In this post I’m going to show you how I created two 3d renderings (see the post) for the 7 Labatt Avenue office building in Toronto.
I was contracted to produce two marketing renderings of the existing building so that the owner of the building could use them on his website and also on the marketing materials there produced.
While I use a 3D program named TrueSpace by Caligari, you can use the same principles as I have in this tutorial to end up with similar results. I have performed screencaps along the way in order to put together this tutorial.
To start, I was given a copy of the floorplan which I scanned into a digital file and cropped it appropriately. Then in my 3D program I added it as a texture to a flat 2D plane. It was important that the dimensions of the 2D plane matched the dimensions of my image. So for example if the image was 800 x 600, I made sure that my 2D plane was in a 4:3 ratio. If it were different then the proportions of the building wouldn’t be right.
Step 2 – Modeling the Walls
I then begin cutting out the shape of the building from the 2D plane using boolean subtractions. Since I scanned my original image, there were a few jagged edges in the floorplan, so I used straight lines during the boolean subtraction process so that the final product didn’t also have jagged walls.
Once I had the basic shape of the building cut out, I began adding some walls using simple cube objects based on where the floorplan showed them. Since this rendering needed to be done quickly, I wasn’t at all worried about overlapping objects into each other. You may choose to extrude the cutout instead of using cubes and other shapes. It’s up to you.
The flooplan that I was given only contained a single floor. If you’re following this tutorial with your own floor plans, I definitely recommend that you get a copy of each floor as they can vary by quite a bit from floor to floor.
As an alternative, I simply took pictures of the building and “eyeballed” it for the 2nd and 3rd floors. Here you can see that I have begun adding a balcony that’s on the 3rd floor of this building. Since it wasn’t from the floorplan it wasn’t perfect, but it was definitely close enough for the needs of the customer. You may or may not need to be more accurate, depending on your customer’s request.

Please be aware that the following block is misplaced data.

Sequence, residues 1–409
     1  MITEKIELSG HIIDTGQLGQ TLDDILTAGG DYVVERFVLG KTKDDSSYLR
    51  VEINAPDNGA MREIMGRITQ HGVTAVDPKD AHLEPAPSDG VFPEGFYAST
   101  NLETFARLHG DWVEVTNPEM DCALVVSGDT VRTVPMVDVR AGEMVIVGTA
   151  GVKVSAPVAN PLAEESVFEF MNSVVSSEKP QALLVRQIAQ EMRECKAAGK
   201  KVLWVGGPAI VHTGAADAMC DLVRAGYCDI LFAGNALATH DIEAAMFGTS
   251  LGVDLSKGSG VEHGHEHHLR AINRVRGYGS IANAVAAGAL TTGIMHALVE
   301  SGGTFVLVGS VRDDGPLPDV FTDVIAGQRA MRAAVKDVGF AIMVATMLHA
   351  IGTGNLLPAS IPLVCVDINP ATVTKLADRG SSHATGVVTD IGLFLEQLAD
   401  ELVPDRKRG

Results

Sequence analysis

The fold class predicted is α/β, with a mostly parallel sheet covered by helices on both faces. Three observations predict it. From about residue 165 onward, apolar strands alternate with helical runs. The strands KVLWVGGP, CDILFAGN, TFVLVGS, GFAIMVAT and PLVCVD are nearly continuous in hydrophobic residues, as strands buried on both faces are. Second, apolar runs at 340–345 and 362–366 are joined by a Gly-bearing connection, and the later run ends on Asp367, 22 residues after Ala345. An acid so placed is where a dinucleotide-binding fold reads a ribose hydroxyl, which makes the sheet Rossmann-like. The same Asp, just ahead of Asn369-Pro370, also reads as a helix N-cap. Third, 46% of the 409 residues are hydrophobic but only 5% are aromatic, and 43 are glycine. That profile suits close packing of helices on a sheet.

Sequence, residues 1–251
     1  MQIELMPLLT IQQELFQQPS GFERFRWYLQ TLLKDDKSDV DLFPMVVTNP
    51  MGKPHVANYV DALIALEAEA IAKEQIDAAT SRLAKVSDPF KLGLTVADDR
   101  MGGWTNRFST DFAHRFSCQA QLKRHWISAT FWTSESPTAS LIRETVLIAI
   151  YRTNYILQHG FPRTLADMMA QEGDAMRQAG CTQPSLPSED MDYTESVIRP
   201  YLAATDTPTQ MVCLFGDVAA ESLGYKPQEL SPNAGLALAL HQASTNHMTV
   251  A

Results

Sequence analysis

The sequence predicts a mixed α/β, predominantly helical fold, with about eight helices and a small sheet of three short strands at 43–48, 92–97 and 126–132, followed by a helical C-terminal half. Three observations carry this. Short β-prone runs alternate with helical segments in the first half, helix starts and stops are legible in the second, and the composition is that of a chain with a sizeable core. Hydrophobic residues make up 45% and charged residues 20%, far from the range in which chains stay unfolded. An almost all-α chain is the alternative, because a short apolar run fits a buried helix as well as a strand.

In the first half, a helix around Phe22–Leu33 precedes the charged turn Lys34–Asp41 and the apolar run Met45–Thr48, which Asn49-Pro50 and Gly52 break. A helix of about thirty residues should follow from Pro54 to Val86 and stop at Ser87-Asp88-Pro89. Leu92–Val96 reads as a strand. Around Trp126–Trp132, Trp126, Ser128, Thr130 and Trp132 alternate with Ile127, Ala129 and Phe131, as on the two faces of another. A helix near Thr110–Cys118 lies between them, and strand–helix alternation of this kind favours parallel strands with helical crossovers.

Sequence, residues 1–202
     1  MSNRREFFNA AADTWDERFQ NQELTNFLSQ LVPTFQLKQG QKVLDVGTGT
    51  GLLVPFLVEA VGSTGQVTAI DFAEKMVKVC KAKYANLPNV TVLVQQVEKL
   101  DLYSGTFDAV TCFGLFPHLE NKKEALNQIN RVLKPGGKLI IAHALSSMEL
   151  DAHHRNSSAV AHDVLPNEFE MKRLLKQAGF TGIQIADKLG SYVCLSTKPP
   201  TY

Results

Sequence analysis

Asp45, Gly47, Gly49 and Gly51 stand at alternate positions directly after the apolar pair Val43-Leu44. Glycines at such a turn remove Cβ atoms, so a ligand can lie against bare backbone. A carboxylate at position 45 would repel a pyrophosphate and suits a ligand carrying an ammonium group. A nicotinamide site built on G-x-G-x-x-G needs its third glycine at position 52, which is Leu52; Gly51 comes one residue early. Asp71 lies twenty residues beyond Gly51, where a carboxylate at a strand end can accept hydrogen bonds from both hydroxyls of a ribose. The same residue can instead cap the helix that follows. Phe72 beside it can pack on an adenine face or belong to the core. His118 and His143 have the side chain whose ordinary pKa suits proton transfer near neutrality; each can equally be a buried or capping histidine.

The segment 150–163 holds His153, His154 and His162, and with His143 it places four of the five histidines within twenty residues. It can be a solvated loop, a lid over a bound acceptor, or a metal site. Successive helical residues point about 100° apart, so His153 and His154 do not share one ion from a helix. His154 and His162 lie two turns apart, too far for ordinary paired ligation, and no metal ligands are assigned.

In this picture, I have added a bit of the rooftop, windows, stairs, and doors.
I also like to add some lighting to my work as I progress so that I can get a decent idea of what I’m modelling actually looks like. Again, most people don’t do this – it’s a personal preference – but I did it because I was under a tight deadline and I needed to know the texturing and modeling was going to look ok within the timeline.
Step 3 – Finalizing the Model
Making a decent 3D rendering always comes down to the details. Adding brick textures and bumpmaps brings the wall on the right a long when when viewed in large or in print. Print is usually 300dpi (dots per inch) whereas your computer screen is most likely 72. That means if you want something to look good in print like it does on your monitor, you should make the image at least 5 times larger on your screen then what the final print size will be. So if it’s 4 inches on your screen, make it at least 20 inches on screen for a 4 inch print. It’s a rule of thumb I have always followed and it’s worked out pretty well for me.
Some of the details that are important are the edges around windows and doors, bumpmapping on textures that need it and every day details that you may not think of, like the flag on the pole and the blue signs above the door. For my windows, I didn’t want to waste time doing too much modeling so I simply took pictures of the windows from outside, cropped the image and used it as a texture instead of an opaque glass colour. This effect can be noticed most in the two windows closest to us in the image above, right at the corner.
Step 4 – Lighting and Background
Now that the model is complete, get yourself a background image. I took images from the top of the building I was rendering to use as a kind of background plate. You can do similar or not, but adding a photographic image to the surrounding area of the model will help to put it into context.
Have a look at the way the shadows are being cast in your background image and try to match the lighting in your virtual environment so that they mesh better. It’s not absolutely necessary to do this but it can help the final product.
Add in a virtual camera to your scene and try to match it’s location, direction and agle to what your real camera had when you took the photograph. This will take some time to make sure they match up. You also want to make sure your virtual camera is at an appropriate distance from your objects so that your depth of perception etc all match up between the virtual “world” and the real world.
Render your model to an image and drop it into photoshop as a layer. Take your background image and put it into the same photoshop file. Be sure, of course, that the rendered image is the top layer.
Throw in some people to the image, trees, cars, streets and anything else that would normally be in the area of the building. These will help “sell” the image to the viewer. To sell it to people on behalf of your client, make the image appear “lively” and “happening” (moreso than I had a chance to do 🙂 ) so that it gives people a nice comfortable feeling when they look at it. Your client will be happy about.
That’s it! Of course this tutorial makes it all sound a lot easier than it is. While this job was a really quick one for me, it still took about a week+ to complete the two renderings. 3D modeling and imagery requires patience. If you don’t have any you’ll just get fed up and quit.
I’d be curious to see how your results turn out. Feel free to contact me if you feel like sharing!